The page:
Friday 23 March 2018

People currently in work should 'stay where they are' - Taoiseach on Ophelia

Taoiseach Leo Varadkar with Transport Minister Shane Ross and junior minister Kevin 'Boxer' Moran
Photo: Kevin Doyle
Taoiseach Leo Varadkar with Transport Minister Shane Ross and junior minister Kevin 'Boxer' Moran Photo: Kevin Doyle
Kevin Doyle

Kevin Doyle

PEOPLE who have travelled to work today should "stay where they are", Taoiseach Leo Varadkar has said.

Speaking after meeting the team planning for the fallout from the storm, Mr Varadkar warned that even when Ophelia passes it will not be safe outdoors.

 "Even when the storm has passed there will still be dangers," he said, noting that trees will be blocking roadways and powerlines will be done.

 The Taoiseach said there are four key pieces of advice at this stage:

 1. Stay indoors

 2. Check on your neighbours and elderly relatives

Storm scenes at Tramore Co. Waterford.
Picture Dylan Vaughan
Storm scenes at Tramore Co. Waterford. Picture Dylan Vaughan
Hurricane Ophelia hitting Fenit in County Kerry. Photo: Mark Condren
16/9/17 Gardai, the coastguard and the RNLI helicopter at Blackrock in Co Louth where windsurfers were surfing during storm Ophelia. Picture: Arthur Carron
16/10/2017 Ophelia arriving in Galway. Quick walk on the prom ahead of the Hurricane . Photo:Andrew Downes
16-10-17 Storm scenes at Tramore Co. Waterford. Picture Dylan Vaughan
Provision 161017 Hurricane 'Ophelia'.... fallen tree Knocknaheeny, Cork City Pic Michael Mac Sweeney/Provision
Ophelia Storm strikes in Baltimore, West Cork. Photo. Emma Jervis Photography
Hurricane 'Ophelia'.... fallen trees, N25 Cork City Pic Michael Mac Sweeney/Provision
Walkers in Clontarf pictured this afternoon as Hurricane Ophelia hits the country..Picture Colin Keegan, Collins Dublin.
A tree blocks the road at Killbritain Co Cork. Picture Denis Boyle
(Photo: Met Eireann)
A surfer is seen on rough water in the Atlantic in an area where the tide should be out in the County Clare town of Lahinch, Ireland October 15, 2017. REUTERS/Clodagh Kilcoyne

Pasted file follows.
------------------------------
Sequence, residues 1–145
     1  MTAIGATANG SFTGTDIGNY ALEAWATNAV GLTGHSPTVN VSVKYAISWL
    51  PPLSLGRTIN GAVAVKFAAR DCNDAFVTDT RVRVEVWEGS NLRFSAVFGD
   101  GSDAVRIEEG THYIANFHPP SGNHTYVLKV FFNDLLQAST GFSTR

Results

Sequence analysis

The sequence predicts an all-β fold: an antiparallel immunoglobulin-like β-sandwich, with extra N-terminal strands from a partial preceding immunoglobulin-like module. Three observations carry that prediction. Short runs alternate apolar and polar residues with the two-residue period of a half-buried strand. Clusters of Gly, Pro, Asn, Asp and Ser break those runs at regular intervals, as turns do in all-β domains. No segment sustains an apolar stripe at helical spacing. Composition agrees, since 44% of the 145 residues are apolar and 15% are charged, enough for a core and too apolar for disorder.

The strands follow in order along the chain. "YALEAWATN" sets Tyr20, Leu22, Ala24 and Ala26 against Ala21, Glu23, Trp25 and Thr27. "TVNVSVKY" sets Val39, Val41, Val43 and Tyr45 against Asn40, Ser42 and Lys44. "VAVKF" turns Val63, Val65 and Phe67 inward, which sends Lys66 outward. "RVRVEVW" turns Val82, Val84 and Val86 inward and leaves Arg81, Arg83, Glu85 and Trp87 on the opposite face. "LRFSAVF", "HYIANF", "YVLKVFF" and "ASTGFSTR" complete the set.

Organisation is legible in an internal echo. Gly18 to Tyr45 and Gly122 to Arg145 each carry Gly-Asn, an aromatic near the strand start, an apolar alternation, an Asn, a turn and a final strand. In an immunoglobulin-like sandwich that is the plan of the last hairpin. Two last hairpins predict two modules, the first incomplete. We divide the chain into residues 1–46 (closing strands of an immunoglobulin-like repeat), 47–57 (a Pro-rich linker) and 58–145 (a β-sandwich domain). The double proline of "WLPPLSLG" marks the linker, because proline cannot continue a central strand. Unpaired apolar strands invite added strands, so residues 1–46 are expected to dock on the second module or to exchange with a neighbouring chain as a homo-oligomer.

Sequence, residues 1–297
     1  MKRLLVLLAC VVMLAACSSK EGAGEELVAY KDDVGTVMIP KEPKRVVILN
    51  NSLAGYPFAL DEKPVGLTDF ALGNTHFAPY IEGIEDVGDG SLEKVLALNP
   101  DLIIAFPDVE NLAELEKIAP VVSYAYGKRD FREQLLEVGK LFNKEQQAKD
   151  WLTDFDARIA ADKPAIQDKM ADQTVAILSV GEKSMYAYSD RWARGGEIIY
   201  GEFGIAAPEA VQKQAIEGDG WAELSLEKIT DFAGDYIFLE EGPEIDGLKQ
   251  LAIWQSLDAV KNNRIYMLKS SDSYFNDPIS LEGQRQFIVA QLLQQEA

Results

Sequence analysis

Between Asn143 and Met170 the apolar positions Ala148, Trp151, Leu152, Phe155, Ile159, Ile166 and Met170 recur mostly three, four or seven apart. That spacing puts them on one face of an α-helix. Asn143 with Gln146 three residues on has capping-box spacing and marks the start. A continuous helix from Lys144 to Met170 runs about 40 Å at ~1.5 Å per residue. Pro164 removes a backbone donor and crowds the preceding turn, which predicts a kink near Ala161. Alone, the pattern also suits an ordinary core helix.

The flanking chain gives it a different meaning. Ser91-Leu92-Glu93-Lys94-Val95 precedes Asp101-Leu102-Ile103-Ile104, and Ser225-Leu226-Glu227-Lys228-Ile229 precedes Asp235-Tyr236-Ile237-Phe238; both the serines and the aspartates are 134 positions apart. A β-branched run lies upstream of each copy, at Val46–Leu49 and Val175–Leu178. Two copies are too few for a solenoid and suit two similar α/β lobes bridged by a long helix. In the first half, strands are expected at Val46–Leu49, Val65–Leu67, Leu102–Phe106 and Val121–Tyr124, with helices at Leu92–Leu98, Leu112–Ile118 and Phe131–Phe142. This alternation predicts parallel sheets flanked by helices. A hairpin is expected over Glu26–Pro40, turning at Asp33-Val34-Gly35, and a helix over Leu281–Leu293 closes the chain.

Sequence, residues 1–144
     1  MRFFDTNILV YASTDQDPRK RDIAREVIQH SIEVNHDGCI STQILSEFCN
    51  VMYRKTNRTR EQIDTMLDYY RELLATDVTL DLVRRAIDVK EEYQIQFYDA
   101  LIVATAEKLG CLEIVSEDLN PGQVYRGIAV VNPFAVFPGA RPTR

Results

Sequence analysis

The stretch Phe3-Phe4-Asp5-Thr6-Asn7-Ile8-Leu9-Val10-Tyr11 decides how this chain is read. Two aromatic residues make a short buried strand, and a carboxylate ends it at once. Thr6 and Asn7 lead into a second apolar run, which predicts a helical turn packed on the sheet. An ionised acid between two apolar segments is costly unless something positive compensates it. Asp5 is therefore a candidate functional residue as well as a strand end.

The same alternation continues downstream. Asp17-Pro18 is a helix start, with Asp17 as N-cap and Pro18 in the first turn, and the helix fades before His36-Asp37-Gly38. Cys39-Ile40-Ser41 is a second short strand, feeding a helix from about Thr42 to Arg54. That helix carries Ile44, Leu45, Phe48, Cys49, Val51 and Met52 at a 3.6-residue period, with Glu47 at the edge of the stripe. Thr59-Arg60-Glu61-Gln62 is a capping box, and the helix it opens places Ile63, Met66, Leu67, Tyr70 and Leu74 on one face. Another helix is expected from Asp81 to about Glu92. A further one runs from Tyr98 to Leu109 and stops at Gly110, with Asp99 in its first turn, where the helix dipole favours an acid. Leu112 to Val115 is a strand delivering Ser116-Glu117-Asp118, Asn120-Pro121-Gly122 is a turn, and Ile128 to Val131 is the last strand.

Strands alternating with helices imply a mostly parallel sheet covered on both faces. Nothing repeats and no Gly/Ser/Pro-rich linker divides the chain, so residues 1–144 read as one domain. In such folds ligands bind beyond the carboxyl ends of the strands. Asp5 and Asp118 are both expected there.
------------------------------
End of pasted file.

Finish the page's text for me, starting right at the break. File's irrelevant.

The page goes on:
Pictured getting ready for hurricane Ophelia at Courtmacsherry Bay West Cork was Martin Galvin and his son Adam. Their seaside home at Lobster Cottage sits in Courtmacsherry Bay with County Cork expected to be among the worst effected counties. Picture Denis Boyle
Angus Bourke from Castlebar, Co. Mayo a member of Mayo Sailing Club preparaing his boat at Rosmoney, Westport, Co. Mayo before Storm Ophelia. Photo : Keith Heneghan / Phocus.
Met Eireann forecaster Evelyn Cusack at the National Emergency Coordination Centre today. Photo: Mark Condren

 3. Even if it seems calm now "it's coming your way"

 4. There will still be life-threatening dangers after the storm has abated.

 The National Emergency Co-ordination Group will meet three times today to update the national response

 It could be close to midnight before Ophelia clears the northern tip of the country.

 Mr Varadkar said the situation would be reviewed on an hourly basis.

 To date there are no reports of injury but around 22,000 homes are without power.

 ESB has lined up assistance from counterparts in the UK for the response. The Taoiseach said help will be forthcoming from Northern Ireland and Britain.

 Mr Varakar told reporters he had a concern that people think the storm may not be as bad as predicted.

 "People should stay indoors until the storm has passed," he repeated.

 OPW Minister Kevin 'Boxer' Moran told that he is particularly concerned about farmers who might feel the need to check on animals.

 He said they should not go out to a farm alone and should bring a mobile phone with them.

 "There is a risk of flood waters and powerlines being down," he said.

 Mr Moran said if the early scenes developing in Cork "ripple through the country then we're facing an awful problem".

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